If your setup does include shared fencelines, then your horses' safety also will depend on smart turn-out strategies. A peaceful, established herd, where each horse knows its place in the pecking order, will rarely challenge a fence; but add a new horse to that mix and problems could arise. Watch your horses' social interactions closely so that you can determine which new horse will go best with which established herd. Separate across-the-fence suitors or aggressors by at least one paddock, both to reduce the wear-and-tear on your fence and to lessen the chance of injury. Weanlings, because they tend to be particularly rambunctious (and when first weaned, anxious and panicky), should be placed in the safest, strongest paddocks you have. Consider a strand of "hot wire" (electric fence) across all shared fencelines to act as a deterrent against fence abuse.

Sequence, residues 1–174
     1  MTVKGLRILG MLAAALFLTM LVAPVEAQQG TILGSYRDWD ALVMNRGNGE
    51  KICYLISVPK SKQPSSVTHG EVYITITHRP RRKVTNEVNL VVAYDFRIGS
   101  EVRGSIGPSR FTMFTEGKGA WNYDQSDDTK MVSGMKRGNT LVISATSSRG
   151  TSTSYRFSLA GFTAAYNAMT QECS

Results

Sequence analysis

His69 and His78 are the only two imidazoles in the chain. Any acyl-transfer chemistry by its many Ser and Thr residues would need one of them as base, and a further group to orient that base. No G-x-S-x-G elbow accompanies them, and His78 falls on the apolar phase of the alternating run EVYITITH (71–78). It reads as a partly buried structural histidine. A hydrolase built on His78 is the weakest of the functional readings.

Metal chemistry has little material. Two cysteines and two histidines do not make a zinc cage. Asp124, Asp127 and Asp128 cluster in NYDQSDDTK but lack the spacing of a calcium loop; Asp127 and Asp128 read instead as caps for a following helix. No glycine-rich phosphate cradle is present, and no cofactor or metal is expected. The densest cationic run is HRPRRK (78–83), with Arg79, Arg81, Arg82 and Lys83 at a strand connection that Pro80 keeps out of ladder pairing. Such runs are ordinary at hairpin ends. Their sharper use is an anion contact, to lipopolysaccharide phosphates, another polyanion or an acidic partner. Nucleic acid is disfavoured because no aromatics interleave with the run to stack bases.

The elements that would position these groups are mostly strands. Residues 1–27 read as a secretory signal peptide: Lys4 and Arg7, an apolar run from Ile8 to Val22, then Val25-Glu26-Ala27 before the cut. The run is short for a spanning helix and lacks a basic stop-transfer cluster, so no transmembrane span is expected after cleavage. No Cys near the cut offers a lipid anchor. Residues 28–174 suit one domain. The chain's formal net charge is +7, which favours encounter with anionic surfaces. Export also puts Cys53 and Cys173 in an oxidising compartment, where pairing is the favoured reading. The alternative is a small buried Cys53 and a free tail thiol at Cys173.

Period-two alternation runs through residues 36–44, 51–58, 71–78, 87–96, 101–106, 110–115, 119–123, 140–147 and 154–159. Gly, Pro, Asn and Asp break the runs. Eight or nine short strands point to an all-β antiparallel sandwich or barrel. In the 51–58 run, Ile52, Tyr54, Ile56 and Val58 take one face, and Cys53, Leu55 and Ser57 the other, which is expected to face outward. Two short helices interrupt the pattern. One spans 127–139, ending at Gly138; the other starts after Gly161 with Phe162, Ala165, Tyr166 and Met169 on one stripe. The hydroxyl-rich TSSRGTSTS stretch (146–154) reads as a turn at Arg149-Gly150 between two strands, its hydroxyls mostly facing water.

Your fence only will achieve its best safety rating if it is properly installed. Don't cut corners; sloppy installation of any type of fencing might mean that in six months your fence sags (an invitation to get a foot caught), leans, or has protruding nails, wires, or sharp edges. Given the equine propensity for finding trouble, it's crucial to prepare not only for the obvious accidents, but for the less-obvious ones.